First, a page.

Diet ads frequently promote that by taking smaller bites during meals, people will be more likely to slim down. Well, businesses should listen to this advice too. By taking smaller “bytes,” or using technology more efficiently, businesses can slim down their costs and impacts on the environment. When used effectively, technology is also an excellent tool for companies to launch sustainability projects. In the recent Software Advice article, Data Collection + Business Intelligence= Successful Sustainability Initiatives, ERP Analyst Michael Koploy describes how improving data collection systems and analytics operations will enhance companies’ sustainability initiatives. In addition, companies with sustainability teams that are data-minded and accountable will be more successful.
BrownFlynn agrees with Koploy’s findings. We believe that technology can be a valuable resource for companies to measure their environmental impacts and track their progress. However, the data compiled by technology sources can only go so far. Facts and figures have little significance until they are interpreted, analyzed, and organized. The analysis process requires not only data, but also strategic thinking that technology cannot provide. For strategic thinking to occur, business leaders must utilize the data to set goals, determine parameters, find connections, prioritize actions, and make decisions. In a sustainability context, companies follow this strategic thinking pattern and are often able to report their results. For example, SAP, the world’s third largest independent software manufacturer and a leader in enterprise applications, reviewed internal data to determine the best metric of employment progress to include in their sustainability report. When given employment statistics, SAP decided to focus on their employee retention rate rather than their turnover rate. The employee retention rate was a more representative metric of their employment goals; “not just managing measuring turnover, but actively managing the retention of talent.” As demonstrated in SAP’s case, technology can provide data that help businesses make decisions, but it is just one element of the sustainable business process.
According to BrownFlynn’s definition of the sustainable business process, technology helps companies complete the Monitor step. The complete process is outlined below:
Prepare….by creating a leadership team and brainstorming goals.
Connect….with stakeholders and determine where they think your company can improve its sustainability initiatives.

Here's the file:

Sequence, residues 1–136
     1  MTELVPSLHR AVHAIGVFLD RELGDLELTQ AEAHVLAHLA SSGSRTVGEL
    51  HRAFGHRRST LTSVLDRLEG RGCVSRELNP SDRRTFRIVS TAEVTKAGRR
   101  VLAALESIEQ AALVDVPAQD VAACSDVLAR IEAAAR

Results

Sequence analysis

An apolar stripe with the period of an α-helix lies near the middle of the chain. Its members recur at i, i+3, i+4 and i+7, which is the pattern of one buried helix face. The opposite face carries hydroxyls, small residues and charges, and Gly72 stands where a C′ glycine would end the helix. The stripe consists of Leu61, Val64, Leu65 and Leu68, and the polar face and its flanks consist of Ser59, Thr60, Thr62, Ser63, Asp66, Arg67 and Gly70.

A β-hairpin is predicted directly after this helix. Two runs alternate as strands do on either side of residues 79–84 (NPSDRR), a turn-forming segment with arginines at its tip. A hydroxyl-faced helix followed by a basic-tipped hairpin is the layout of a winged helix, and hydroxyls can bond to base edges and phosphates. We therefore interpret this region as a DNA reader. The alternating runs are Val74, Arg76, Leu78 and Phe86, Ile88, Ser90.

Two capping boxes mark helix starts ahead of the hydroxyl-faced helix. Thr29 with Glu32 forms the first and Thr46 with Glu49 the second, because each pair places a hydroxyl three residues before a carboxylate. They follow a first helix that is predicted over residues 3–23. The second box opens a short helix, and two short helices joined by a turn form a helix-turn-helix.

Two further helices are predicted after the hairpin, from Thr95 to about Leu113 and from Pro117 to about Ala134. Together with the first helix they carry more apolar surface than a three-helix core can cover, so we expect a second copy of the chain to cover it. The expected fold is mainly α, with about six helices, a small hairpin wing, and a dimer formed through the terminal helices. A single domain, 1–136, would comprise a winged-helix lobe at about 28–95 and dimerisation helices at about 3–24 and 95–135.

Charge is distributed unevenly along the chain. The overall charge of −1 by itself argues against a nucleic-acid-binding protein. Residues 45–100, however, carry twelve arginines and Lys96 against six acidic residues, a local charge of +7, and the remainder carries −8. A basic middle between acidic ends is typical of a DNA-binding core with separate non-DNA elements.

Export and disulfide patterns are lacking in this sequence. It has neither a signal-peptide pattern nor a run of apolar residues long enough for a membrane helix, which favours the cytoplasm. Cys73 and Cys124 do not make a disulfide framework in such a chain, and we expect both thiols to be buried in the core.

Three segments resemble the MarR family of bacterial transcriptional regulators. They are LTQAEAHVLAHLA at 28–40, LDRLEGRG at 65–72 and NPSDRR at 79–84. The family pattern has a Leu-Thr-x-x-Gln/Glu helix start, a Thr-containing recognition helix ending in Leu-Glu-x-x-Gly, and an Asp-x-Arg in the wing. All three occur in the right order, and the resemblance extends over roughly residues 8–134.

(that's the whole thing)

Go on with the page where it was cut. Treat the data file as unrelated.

Define…. problem areas and how you will approach them.
Monitor….your impacts and your progress.
Report….your findings, goals, and progress to your stakeholders.
The diagram above demonstrates that each step in the sustainable business process can be ongoing and influenced by other steps that occur.
The strategy element of the process is where BrownFlynn serves as a resource, to help businesses utilize available information, create sustainability strategies, and communicate to stakeholders. We recognize the value of technology in initiating this process. Our support for technology as a sustainable business tool is demonstrated by our recent collaboration with SAP. Together with SAP, BrownFlynn will be hosting Global Reporting Initiative (GRI) training sessions July 31-August 1 in Philadelphia, PA and September 25-26 in Palo Alto, CA. The GRI-certified program provides attendees with a comprehensive overview of reporting their environmental, social and economic policies- a practice which often establishes or enhances a company’s sustainability strategy. SAP will inform attendees about methods to efficiently collect and organize data, and BrownFlynn will review best practices in the GRI reporting process. Click here for information about the GRI training sessions and how to register.
With effective use of technology and a well-developed strategy, businesses will see vast improvements in their sustainability efforts. So, we, as businesspeople, should listen to diet ads and take smaller “bytes.” As a result, we will slim down our costs and reduce our footprint. Ultimately, we will be happy with our lower weight on the environmental impact scale.
By Brittany VanderBeek, Intern